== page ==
By Lars Dalseide | February 16 2012 17:39

Smith & Wesson Single Shots originally marketed to competitive shooters and hunters alike

Smith & Wesson Single Shot 4th Model at the National Firearms Museum
Smith & Wesson Single Shot 4th Model at the National Firearms Museum.
NRAblog has spent the last few weeks on the road at CPAC in DC, Eastern Sports in Pennsylvania and Great American in Maryland. But now that we're back here at home and it's time to return to Curator's Corner. For this week's episode, we return to Oklahoma for a look at two Smith & Wesson Single Shots — the 3rd and 4th Models.

Staring in the show is National Firearms Museum Director Jim Supica. Recognized in most circles as a Smith & Wesson aficionado, Supica was beyond please to come across such a beautiful piece.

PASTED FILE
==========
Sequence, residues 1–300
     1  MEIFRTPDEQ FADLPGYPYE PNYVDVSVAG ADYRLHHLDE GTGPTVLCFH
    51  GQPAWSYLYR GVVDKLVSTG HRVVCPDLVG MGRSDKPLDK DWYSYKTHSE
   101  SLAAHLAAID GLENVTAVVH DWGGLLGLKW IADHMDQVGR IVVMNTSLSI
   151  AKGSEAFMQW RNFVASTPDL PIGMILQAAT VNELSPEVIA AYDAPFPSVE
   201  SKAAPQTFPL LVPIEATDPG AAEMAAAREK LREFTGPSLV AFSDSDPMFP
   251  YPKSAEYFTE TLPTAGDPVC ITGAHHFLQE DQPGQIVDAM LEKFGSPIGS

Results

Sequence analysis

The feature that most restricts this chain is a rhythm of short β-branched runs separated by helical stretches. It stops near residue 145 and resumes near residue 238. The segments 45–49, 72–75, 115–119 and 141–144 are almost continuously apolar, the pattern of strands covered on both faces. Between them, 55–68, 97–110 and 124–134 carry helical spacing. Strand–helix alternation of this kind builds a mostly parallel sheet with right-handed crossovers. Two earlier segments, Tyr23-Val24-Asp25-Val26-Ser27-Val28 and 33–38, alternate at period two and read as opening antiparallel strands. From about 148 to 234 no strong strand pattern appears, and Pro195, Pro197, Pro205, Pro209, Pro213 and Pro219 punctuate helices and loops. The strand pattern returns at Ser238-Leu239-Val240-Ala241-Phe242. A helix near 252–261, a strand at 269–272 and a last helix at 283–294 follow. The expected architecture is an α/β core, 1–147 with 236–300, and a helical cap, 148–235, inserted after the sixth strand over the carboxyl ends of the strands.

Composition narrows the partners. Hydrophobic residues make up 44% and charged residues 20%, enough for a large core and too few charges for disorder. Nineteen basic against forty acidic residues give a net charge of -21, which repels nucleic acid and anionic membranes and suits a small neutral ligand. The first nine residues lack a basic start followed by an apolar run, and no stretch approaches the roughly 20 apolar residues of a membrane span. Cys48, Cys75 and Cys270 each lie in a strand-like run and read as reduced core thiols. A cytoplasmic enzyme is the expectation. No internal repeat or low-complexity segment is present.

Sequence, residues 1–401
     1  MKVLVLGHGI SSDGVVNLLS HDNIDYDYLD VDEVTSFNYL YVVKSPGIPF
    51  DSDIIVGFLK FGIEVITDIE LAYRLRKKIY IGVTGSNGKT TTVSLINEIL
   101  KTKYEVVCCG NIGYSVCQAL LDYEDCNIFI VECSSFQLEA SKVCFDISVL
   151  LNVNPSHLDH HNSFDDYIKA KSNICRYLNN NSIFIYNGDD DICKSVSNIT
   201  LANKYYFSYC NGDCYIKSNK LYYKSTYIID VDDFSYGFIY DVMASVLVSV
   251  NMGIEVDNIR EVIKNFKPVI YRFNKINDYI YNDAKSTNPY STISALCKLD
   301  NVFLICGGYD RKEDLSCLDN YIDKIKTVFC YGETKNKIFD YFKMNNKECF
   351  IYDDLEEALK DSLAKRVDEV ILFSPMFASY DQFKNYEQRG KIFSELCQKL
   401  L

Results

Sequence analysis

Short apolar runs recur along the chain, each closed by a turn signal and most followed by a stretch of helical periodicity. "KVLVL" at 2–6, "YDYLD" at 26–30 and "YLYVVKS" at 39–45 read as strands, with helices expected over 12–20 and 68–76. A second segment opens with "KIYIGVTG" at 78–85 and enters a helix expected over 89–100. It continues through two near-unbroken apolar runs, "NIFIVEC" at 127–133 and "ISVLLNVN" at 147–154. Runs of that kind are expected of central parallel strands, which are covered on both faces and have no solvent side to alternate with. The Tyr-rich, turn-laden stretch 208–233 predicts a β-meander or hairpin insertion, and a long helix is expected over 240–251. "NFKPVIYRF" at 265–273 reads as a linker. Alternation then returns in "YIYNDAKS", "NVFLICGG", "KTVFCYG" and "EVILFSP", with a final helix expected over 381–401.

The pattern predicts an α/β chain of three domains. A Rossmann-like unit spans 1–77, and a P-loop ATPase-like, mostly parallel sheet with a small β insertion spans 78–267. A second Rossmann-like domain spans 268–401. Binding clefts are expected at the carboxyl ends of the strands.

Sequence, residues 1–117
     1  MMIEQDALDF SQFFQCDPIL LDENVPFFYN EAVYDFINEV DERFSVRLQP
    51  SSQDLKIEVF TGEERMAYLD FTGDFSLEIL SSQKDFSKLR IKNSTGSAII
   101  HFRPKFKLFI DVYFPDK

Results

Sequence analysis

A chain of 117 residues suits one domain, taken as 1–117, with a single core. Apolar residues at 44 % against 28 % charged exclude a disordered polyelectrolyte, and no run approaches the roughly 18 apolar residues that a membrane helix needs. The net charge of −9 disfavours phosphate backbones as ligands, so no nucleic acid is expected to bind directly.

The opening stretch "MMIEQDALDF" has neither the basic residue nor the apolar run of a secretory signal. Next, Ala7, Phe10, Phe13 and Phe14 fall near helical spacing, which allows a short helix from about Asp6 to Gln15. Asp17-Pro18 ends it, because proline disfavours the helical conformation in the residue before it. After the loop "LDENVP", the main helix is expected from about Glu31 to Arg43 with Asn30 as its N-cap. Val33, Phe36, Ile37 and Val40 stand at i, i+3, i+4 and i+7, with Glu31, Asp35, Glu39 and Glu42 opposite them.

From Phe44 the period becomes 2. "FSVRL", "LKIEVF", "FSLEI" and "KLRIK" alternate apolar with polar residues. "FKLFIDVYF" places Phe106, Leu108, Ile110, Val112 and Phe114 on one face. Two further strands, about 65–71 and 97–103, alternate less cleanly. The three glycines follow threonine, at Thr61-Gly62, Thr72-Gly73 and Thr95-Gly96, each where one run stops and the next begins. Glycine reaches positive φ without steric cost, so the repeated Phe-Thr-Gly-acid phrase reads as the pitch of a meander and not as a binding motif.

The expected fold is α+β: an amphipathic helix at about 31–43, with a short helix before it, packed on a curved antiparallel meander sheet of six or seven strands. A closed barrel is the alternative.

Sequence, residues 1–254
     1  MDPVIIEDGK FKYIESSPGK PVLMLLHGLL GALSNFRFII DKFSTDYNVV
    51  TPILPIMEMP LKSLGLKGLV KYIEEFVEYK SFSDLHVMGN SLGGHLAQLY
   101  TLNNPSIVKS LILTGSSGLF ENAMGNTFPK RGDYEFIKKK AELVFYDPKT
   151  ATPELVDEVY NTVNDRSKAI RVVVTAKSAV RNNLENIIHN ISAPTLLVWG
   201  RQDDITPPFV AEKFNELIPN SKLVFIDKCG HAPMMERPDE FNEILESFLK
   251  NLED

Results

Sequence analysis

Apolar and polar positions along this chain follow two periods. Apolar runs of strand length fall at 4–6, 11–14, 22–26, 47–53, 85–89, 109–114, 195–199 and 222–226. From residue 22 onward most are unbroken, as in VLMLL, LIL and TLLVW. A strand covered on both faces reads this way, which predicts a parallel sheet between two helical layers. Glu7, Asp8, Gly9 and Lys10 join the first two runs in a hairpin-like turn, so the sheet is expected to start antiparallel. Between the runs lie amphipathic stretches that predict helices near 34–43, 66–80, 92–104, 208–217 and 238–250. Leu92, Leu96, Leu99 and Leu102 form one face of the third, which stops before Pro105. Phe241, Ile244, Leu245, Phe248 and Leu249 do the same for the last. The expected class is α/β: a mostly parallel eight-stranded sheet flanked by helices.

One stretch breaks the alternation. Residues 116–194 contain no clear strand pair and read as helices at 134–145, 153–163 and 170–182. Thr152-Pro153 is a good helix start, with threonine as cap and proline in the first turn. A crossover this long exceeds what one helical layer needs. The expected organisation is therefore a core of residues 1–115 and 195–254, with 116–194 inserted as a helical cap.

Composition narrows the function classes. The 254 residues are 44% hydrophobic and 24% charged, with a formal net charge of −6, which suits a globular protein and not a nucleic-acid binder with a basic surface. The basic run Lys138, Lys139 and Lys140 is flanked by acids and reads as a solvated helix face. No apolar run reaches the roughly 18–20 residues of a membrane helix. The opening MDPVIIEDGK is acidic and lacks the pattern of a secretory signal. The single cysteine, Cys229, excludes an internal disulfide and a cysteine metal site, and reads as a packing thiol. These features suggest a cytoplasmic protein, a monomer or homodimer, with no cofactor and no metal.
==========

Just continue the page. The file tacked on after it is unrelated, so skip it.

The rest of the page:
Based on a double action revolver frame, the straight line got it's name because of the hammer. Instead of following the conventional arc or pivot used for most pistols, the hammer on these .22s travel in a straight line.

With an eleven year production run between 1925 and 1936, there were less than 2,000 of these pistols ever created. This particular piece in the National Firearms Museum comes with the original steel pressed case along with the standard cleaning rod and screw driver.

To learn more of about these Smith & Wesson specials, tune in tonight at 10:40 pm as Supica is again joined by Don Kull of and Executive Producer John Popp at the Tulsa Arms Show for another great episode of Curator's Corner on and Sirius/XM Patriot Satellite Radio.

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